The National Transportation Safety Board this weekend provided the first clues about what caused a CTA Yellow Line train to collide with a snowplow at nearly 30 mph near Howard Station on Thursday.
The operator took longer to brake than the train was designed for and the train’s wheels slipped due to debris on the tracks, the NTSB said Saturday.
But passengers and a transportation expert question the role of potential human error, including why the train was on the same track as a snowplow used to train CTA employees.
“It should never have happened,” said Stephen Helmer, who was on the train with his daughter and two grandchildren.
“We want answers as to why he was on the same track, at the same time and in the same place as the commuters,” he said.
NTSB Board Chair Jennifer Homendy told reporters Saturday that the operator did not appear to be distracted, but did not address the main question of why the train and plow shared the same track.
While the NTSB’s full report may take months to complete, some key questions still remain.
One is whether the operator ran a signal or there was a stop sign, said Joseph Schwieterman, a transportation professor at DePaul University.
There is also the question of whether the controller was alerted to the snowplow’s presence.
“Usually, there’s enough space, there wouldn’t be two trains in the same signal block,” Schwieterman said.
As for stopping distance, he said he is surprised that the CTA is only now discovering that its trains require a longer stopping distance than previously thought.
The CTA specified that the train should be able to stop in 1,780 feet, but the NTSB found it needed 2,745 feet to stop. The CTA used typical stopping distances for older-model L trains that don’t reflect newer, heavier L cars, Homendy said.
From investigating the accident, the CTA may learn about residue hazards on the tracks, Schwieterman said. Just as buses and cars operating during rain require longer distances to stop, train operators should also take slippery tracks into account.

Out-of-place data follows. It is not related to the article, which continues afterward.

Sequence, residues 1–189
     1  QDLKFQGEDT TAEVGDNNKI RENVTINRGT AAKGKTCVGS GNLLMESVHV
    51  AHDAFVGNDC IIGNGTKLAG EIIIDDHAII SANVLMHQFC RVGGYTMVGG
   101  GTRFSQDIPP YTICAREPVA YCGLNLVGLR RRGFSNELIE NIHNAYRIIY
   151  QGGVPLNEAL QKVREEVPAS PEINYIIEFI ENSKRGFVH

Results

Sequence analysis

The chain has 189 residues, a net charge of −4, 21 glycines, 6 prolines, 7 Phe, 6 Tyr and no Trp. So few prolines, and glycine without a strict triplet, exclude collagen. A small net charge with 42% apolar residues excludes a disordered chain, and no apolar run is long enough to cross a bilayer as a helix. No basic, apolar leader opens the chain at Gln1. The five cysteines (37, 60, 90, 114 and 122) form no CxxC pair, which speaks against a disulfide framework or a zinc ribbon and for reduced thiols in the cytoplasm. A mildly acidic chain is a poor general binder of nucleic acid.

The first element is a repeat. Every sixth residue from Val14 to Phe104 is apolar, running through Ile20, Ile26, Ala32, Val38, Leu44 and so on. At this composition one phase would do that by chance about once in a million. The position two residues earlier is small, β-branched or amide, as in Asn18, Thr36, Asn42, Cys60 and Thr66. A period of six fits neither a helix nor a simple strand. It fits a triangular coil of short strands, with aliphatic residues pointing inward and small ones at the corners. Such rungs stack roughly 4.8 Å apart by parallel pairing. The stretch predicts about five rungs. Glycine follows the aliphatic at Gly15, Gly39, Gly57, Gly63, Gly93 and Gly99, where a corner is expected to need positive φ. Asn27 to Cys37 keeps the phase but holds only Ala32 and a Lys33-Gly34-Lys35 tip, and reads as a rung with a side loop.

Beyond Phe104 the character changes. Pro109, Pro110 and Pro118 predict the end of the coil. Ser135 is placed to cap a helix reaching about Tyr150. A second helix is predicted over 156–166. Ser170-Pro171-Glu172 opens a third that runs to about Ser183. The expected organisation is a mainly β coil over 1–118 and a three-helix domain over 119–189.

The CTA may also have to reevaluate the use of work equipment during daytime hours because it increases the risk to commuters, Schwieterman said.
Helmer’s daughter, Margaret Costello, who was also on the train with her 2-year-old twins, said she was upset that the CTA had not implemented an automatic braking system recommended by the NTSB more than a decade ago.
“It looked like something that was going to happen, and yet it was allowed to happen,” Costello said.
The NTSB recommended positive train control for all rail systems nationwide in 2009.
Positive train control can track every train running on the tracks. It is designed to automatically stop a train if an operator runs a signal or slow it down if it is moving too fast.
The agency advised the CTA installed the technology in 2014 after a Blue Line train crashed into the O’Hare International Airport terminal. But the CTA was not required to install the technology because it is exempt from the kind of federal oversight given to Metra and Amtrak.
The CTA did not respond to detailed questions about the incident for this story.
“The CTA continues to work closely with the NTSB in their investigation,” the transit agency said in a statement. “We will continue to cooperate fully with the NTSB in its investigation process, which is ongoing. As the chairman of the NTSB said yesterday, there are no safety issues with taking the train.”
The NTSB did not immediately respond to a request for comment.
Alishan Zaidi, who was in the lead car that crashed, said he believed the theory that the train’s wheels lost traction on slippery tracks.
After the train crashed, he said he saw the driver unfreeze and say the brakes failed to stop the train.
“He said he should have stopped but he didn’t,” Zaidi said.
Zaidi, 19, of Des Plaines, a DePaul health sciences student, recalls a gap of two or three seconds between the time the brakes were applied and the time the collision occurred.
“I heard the brake being pulled, then I heard the screech of the brake being pulled hard. I said, “That was weird, I had never heard that before.” Everyone was in shock,” she said.
Zaidi is more cautious about riding L trains since the accident. He would try another method of travel, but he says, “I don’t have much choice.”
The afternoon after the accident, he had to take a Red Line train back north from the school center. That time, she said, she chose a central train car and prepared her body in case of another sudden stop.
“I was uncomfortable with the noises I heard,” he said. “You hear the screeching normally, but I still prepared myself.”
The Yellow Line service remains suspended.
Contribution: Rosemary Sobol